From director David Gordon Green comes an authentically pieced together drama about a morally confused man who finds redemption. For Green this project was a labor of love, a passing of the torch so to speak. Based on the book by Larry Brown, Joe was then adapted for the screen by Green’s college professor Gary Hawkins and from that Green created his own version of Joe. It was Green’s intense familiarity with his subject matter that gave this movie its thick muscular texture.
Not your usual Nicolas Cage movie, this one has a slow artistic burn, a quiet that you can feel deep in your bones. It’s like watching something from another era. Cage turns in a spectacular performance as Joe Ransom, the high functioning alcoholic. Joe is a tightly wound man with a propensity for violence, a condition he attempts to temper with visits to the local brothel. He drinks too much, enjoys his hookers and has an obscure criminal past. Yet despite some of his more unsavory qualities Joe is a likeable character. He’s an honest hard working man with kind tendencies and a moral code that doesn’t often align with the law.
A well respected foreman of a tree poisoning crew Joe is the films anti-hero. His crew poisons perfectly healthy trees so the lumber company can replace them with more useful ones. It’s this kind of cheeky dark humor that lifts the film out of its dour context. It’s also a perfect example of what this film is: gritty, rough, and a little disturbing. Yet there is a restrained satisfaction that comes from seeing these characters develop through their actions, instead of a narrative.
Desperate for work, 15 year old Gary Jones (Tye Sheridan, Mud) approaches Joe begging a job for both himself and his father. While the tenacious kid proves he can work just as hard as anyone else on the crew, his father, Wade, is another story. Wade (Gary Poulter) is a child abusing, hardcore alcoholic who has no interest in earning his keep. Putting food on the table for his mother and sister is up to Gary and it’s a burden he doesn’t bear lightly. Gary is the one bright light in an otherwise dark world, he has a strong work ethic and refuses to let life get the best of him. Reluctantly taking pity on the kid, Joe takes Gary under his wing and becomes a father figure to him. As his surrogate father Joe teaches Gary about the things that matter in life like driving, drinking beer and what the hookers like. Joe may not be the best role model, but he’s better than Wade.
Despite the strides he takes to be a decent man, at times it seems the world is against him. As Joe works to nurture and protect his new friend despicable forces beyond his control draw ever closer. Wade and another scumbag, Willie (Ronnie Gene Blevins) both in their own respective ways, force Joe to lose control giving in to his animalistic instincts. While Wade seems to be more than just an antagonist it’s Willie’s only point. Willie only exists so we can see Joe riled up, a fact Blevins played up.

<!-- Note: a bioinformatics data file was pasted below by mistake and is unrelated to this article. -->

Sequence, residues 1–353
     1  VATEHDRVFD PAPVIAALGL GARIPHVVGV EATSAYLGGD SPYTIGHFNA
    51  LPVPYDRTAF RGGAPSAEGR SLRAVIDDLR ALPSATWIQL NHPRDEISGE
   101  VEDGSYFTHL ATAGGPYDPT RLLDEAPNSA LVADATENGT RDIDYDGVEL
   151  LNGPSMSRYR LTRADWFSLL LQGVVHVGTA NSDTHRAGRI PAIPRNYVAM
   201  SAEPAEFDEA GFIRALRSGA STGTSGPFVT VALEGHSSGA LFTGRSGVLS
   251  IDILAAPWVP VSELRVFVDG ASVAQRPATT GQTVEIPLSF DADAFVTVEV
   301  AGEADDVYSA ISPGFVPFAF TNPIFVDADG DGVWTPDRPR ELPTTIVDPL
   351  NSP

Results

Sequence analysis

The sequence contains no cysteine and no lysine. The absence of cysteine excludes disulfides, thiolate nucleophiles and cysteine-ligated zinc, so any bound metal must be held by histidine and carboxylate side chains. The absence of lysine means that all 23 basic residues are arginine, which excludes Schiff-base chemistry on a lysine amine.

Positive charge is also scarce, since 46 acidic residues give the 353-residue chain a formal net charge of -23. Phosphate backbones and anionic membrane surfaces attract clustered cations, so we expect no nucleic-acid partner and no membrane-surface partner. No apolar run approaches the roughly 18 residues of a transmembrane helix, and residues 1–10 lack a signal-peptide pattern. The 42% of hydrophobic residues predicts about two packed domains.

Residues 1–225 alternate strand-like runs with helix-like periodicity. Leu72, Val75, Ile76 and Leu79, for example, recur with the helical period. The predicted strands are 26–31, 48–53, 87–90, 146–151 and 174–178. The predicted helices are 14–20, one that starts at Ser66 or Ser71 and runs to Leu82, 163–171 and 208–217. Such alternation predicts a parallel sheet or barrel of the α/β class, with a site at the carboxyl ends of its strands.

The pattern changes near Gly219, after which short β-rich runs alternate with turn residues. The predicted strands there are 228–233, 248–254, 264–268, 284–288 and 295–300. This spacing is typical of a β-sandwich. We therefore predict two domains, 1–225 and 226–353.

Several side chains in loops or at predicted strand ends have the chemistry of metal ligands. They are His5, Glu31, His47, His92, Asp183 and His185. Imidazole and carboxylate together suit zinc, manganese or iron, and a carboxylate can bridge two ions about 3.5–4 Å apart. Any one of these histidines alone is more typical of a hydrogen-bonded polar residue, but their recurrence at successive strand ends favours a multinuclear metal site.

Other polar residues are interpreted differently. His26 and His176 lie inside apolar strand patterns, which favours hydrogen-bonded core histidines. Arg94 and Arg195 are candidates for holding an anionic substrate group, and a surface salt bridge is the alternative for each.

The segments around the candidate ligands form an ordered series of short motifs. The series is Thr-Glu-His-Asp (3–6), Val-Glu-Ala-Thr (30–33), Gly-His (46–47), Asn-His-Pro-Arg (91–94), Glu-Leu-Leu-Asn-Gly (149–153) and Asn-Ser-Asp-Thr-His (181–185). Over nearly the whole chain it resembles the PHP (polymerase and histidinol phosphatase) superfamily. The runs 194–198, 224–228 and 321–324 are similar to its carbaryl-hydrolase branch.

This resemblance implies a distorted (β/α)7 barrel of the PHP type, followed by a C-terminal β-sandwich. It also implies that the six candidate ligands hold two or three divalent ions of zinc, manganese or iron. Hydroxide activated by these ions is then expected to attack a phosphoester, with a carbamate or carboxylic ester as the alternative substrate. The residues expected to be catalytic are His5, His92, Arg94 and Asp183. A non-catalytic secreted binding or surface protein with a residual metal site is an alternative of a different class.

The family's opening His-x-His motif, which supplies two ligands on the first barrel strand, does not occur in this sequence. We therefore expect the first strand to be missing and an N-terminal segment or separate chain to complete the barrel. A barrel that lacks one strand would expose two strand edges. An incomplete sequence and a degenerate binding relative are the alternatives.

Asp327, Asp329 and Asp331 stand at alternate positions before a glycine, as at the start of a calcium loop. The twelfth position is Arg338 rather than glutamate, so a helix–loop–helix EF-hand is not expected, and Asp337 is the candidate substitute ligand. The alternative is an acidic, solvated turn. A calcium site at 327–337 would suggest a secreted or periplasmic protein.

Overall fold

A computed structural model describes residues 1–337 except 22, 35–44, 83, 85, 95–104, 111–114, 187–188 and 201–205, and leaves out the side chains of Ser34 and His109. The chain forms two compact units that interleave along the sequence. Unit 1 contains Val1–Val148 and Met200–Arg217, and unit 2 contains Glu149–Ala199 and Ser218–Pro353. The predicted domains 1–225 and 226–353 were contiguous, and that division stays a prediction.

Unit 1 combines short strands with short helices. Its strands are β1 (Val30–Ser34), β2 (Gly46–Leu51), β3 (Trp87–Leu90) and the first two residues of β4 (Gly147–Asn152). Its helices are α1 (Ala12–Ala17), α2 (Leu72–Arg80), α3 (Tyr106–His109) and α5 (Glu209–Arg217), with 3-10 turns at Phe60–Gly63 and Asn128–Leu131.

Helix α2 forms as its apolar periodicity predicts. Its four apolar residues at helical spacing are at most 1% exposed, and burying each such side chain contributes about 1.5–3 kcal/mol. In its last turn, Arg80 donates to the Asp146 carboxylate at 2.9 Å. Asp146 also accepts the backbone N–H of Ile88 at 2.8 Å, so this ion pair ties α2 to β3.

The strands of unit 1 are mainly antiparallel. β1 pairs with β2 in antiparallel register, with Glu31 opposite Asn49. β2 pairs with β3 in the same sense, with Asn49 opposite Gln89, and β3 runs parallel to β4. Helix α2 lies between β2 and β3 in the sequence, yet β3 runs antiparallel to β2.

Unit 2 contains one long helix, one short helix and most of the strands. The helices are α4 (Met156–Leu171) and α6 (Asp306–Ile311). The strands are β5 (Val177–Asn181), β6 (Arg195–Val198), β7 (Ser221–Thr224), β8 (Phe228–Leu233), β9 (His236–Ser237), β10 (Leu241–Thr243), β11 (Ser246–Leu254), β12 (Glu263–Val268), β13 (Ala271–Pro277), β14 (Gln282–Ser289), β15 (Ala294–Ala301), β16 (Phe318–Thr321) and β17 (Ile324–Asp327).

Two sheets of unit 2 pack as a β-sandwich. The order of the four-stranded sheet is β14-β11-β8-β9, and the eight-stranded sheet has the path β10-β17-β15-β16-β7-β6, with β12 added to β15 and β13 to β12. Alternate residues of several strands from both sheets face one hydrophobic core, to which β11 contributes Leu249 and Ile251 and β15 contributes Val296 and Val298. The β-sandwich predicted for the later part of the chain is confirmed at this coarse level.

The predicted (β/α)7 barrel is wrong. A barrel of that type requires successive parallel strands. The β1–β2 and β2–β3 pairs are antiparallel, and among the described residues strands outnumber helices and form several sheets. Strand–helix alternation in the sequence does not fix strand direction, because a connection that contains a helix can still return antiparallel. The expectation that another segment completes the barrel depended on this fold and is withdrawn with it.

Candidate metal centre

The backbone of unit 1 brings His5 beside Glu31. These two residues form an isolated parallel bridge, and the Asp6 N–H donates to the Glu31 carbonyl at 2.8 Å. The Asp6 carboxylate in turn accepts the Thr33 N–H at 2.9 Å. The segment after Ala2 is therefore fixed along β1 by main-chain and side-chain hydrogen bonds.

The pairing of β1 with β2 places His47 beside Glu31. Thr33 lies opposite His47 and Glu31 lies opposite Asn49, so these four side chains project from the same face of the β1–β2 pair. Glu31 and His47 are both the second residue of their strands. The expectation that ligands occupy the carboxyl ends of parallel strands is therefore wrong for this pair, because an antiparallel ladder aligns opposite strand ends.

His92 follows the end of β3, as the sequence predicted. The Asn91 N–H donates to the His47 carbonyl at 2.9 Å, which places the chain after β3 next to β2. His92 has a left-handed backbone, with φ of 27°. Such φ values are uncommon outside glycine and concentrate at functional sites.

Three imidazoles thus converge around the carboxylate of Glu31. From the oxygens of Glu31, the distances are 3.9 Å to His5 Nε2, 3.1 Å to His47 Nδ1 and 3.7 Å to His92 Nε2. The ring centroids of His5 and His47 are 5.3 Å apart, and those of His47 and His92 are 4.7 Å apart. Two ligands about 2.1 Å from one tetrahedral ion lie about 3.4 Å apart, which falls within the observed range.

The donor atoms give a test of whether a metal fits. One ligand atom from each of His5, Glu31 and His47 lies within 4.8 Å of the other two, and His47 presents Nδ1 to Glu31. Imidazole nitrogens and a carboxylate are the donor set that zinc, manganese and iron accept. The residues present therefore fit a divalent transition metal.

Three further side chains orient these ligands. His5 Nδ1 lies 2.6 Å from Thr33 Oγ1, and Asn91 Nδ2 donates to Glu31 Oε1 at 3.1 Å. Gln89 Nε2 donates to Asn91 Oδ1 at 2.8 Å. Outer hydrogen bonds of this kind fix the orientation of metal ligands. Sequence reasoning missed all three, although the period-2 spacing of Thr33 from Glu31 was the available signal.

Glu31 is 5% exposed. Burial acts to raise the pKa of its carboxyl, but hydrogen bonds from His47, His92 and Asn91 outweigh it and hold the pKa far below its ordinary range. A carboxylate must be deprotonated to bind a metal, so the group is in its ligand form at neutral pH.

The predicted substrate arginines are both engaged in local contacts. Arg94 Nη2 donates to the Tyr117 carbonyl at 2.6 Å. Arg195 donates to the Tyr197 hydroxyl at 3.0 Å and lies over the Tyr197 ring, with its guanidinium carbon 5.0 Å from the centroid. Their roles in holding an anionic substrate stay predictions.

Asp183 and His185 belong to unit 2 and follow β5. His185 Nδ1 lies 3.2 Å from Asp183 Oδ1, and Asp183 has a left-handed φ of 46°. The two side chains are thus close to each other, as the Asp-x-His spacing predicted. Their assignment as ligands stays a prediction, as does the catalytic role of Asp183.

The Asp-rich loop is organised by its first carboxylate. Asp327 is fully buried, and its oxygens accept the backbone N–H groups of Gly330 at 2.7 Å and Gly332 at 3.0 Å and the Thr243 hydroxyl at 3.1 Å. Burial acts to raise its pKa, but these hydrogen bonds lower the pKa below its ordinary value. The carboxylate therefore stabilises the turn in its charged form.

Gary Poulter brought an authenticity to his role that a Hollywood actor couldn’t have, he really was a homeless alcoholic. He had that gravelly voice you hear on the streets, the pinched sunken in face of a long time substance abuser, and that carefree looseness required to survive. Casting him was a huge risk that paid off. Green wanted to expose the raw nerves of the poor south and his unique casting allowed him to do just that.
Sheridan’s thoughtfully understated performance was the perfect contrast to Cage’s brooding charismatic character. Both actors exude a quiet strength that builds into a powerful dynamic on screen exchange in remarkable performances between the two. Cage outdoes himself in this role, this is the movie that could revamp his career. It’s also obvious that between this and Mud, Sheridan has a bright future in Hollywood.
Digitally filmed on the Arri Alexa Joe is presented by Lionsgate with an AVC encoded 1080p transfer in 2.35:1. Though it’s a dark film without much color to it, the details are well presented even when dealing with shadows. Oddly enough, most of the films colors are represented in Cage’s beard, autumn browns peppered with gray tones. Hard to say if that was purposefully done or not. Brilliant use of the locations and local color to set the cinematic feel of the movie, which was for the most part a crude gritty film with a slick sheen over it.
Presented in lossless DTS-HD Master Audio 5.1, Joe supplies a decent score with atmospheric sensibilities. Dialogue is clean and clear. The occasional gun fire explosion is just as immersive as the quietly dark thought provoking scenes. The score clearly amplifies the films mood gifting the audience with a surreal sense of companionship. Overall this is a predictably adequate sound track with little to complain about.
- Commentary with Director David Gordon Green, Composer David Wingo and Actor Brian D.Mays — A fascinating commentary well worth listening to for its insights into the film
- The Making of Joe : I highly recommend watching this spell binding behind the scenes look at what went into the production with cast and crew interviews.
- The Long Gravel Drive: The Origins of Joe: a thorough look at both the history of Joe and how the story was developed for the screen.
- Deleted Scenes:
- Wade Black Widow
- Wade and Willie Full Scene
Aurora Snow Says
A tale of bleak morality that may be too grim for some yet satisfying for others. With its strong sense of foreboding and concealed sense of humor this is a movie that comes recommended. The powerful performances of Nicolas Cage, Tye Sheridan and Gary Poulter will stick with you long after the movie ends. And if nothing else, they are more than worth watching.